Study Finds Television Noise Delays Development

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Study connects delayed brain development to television. Image: sxc.hu

In the past, studies have shown that infants exposed to television tend to have delayed vocalization and attentional problems. While various theories were offered up to explain this phenomenon, there had been no in-depth studies to back them up. Until now. A new study led by Dimitri A. Christakis, director of the Center for Child Health, Behavior and Development at Seattle Children's Research Institute, finds that the answer lies not only in the child's experience with the television, but the impact of television on the adults around him as well.

The study looked at over 300 children aged two months to four years old. The children were fitted with business-card sized sound recorders that captured everything they said and heard during continuous 12 to 16 hour periods. These recordings took place on random days for up to two years and were interrupted only for naps, baths, nighttime sleep and car rides. Special software was used to process the recordings and analyze the sounds children were exposed to as well as the sounds they made.

The researchers found that for each hour of audible television, there was a significant drop in the amount and duration of child vocalizations as well as a drop in conversational interactions with an adult. By "significant" they mean that, on average, every hour of television exposure was associated with a decrease of 770 words the child heard from an adult. And it's not that the children were just tuning out -- the adults were speaking 500 to 1,000 fewer words per hour of audible television.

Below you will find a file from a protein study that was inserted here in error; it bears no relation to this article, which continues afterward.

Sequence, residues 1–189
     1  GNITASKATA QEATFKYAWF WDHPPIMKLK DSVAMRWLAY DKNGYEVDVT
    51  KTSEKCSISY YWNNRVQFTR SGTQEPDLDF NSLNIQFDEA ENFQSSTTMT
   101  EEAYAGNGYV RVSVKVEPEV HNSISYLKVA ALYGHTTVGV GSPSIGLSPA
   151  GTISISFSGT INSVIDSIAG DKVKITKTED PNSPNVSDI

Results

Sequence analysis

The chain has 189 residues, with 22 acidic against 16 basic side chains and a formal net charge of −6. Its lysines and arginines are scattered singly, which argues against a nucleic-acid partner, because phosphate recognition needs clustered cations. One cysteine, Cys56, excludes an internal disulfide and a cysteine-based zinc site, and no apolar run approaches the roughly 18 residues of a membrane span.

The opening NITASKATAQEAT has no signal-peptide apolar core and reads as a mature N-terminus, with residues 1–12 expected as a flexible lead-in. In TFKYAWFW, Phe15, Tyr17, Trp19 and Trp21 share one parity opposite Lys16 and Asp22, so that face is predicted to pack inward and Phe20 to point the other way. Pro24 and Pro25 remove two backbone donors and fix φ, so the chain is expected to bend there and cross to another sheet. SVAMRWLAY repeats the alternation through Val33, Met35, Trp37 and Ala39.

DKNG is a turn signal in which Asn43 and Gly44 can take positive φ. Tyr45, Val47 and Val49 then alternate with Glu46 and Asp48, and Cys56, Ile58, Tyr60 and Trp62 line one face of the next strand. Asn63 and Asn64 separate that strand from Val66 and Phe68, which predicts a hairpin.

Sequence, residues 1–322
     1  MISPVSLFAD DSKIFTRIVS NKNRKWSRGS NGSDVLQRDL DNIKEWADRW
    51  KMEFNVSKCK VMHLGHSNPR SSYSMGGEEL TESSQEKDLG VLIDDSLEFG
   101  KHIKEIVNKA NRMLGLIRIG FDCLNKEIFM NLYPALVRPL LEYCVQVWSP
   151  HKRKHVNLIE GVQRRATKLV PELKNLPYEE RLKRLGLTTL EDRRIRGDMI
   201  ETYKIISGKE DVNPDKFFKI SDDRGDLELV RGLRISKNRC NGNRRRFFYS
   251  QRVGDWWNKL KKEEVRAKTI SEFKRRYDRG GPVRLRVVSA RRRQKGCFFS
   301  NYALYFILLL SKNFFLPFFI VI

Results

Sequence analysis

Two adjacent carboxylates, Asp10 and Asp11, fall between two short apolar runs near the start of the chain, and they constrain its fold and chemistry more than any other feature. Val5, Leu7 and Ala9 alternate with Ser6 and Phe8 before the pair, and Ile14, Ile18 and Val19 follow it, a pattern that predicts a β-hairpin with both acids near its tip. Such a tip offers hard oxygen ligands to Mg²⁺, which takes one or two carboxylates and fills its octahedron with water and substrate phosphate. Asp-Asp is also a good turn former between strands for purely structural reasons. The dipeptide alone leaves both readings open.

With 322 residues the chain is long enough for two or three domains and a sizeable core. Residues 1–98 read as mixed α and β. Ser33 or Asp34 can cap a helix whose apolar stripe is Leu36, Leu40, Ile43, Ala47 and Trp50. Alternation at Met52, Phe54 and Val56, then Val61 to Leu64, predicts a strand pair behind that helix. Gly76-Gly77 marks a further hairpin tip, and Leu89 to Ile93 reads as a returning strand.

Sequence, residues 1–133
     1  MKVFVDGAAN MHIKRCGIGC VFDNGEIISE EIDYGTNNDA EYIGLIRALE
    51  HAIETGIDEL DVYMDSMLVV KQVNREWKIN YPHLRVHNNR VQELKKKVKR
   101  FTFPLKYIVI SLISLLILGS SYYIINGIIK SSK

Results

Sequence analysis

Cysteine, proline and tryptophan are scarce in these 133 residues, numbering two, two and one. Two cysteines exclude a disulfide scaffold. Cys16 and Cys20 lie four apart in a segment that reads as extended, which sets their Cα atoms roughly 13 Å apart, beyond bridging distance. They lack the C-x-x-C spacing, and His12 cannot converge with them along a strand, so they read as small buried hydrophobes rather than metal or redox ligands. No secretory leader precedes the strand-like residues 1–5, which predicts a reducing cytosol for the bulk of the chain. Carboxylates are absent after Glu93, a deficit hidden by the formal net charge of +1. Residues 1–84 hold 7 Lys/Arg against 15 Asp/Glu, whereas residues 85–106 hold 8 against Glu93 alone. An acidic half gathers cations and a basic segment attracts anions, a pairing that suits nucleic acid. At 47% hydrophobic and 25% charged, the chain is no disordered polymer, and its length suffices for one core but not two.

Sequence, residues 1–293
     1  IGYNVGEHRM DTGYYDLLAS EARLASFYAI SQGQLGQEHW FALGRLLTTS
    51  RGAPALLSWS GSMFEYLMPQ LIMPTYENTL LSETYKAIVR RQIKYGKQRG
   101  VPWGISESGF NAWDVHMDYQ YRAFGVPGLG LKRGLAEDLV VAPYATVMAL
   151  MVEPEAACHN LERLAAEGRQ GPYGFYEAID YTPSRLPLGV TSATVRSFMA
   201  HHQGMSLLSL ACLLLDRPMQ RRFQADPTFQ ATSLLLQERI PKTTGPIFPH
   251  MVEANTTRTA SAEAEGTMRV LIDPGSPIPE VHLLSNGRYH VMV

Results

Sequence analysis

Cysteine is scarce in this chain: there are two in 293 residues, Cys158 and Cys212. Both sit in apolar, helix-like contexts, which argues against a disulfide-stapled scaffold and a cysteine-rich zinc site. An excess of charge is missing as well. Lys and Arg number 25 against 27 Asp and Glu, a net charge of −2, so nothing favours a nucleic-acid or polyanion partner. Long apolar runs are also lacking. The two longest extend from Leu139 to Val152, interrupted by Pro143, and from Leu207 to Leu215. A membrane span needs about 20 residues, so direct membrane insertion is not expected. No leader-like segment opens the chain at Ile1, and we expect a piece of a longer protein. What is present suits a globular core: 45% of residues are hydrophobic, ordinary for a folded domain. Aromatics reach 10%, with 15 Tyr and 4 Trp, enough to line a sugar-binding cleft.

"Adults typically utter approximately 941 words per hour. Our study found that adult words are almost completely eliminated when television is audible to the child," says Dr. Christakis.

Because language development is believed to be a critical component of overall brain development during early childhood, this reduced verbal interaction between children and adults may be responsible not only for language delays but for attentional and cognitive delays as well.

What is important to note here is that the study did not distinguish between children who were actively watching television and those who were merely in the vicinity of an audible television. In other words, just having the television on in the home reduced the number of words the child heard and spoke.

"Since 30 percent of American households now report having the television always on, even when no one is watching, these findings have grave implications for language acquisition and therefore perhaps even early brain development," warns Dr. Christakis.

The findings in this study certainly back up the American Academy of Pediatrics' Committee on Public Education's recommendation that children under the age of two should not be exposed to television at all and that older children should be limited to no more than two hours per day.

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Start by teaching him that it is safe to do so.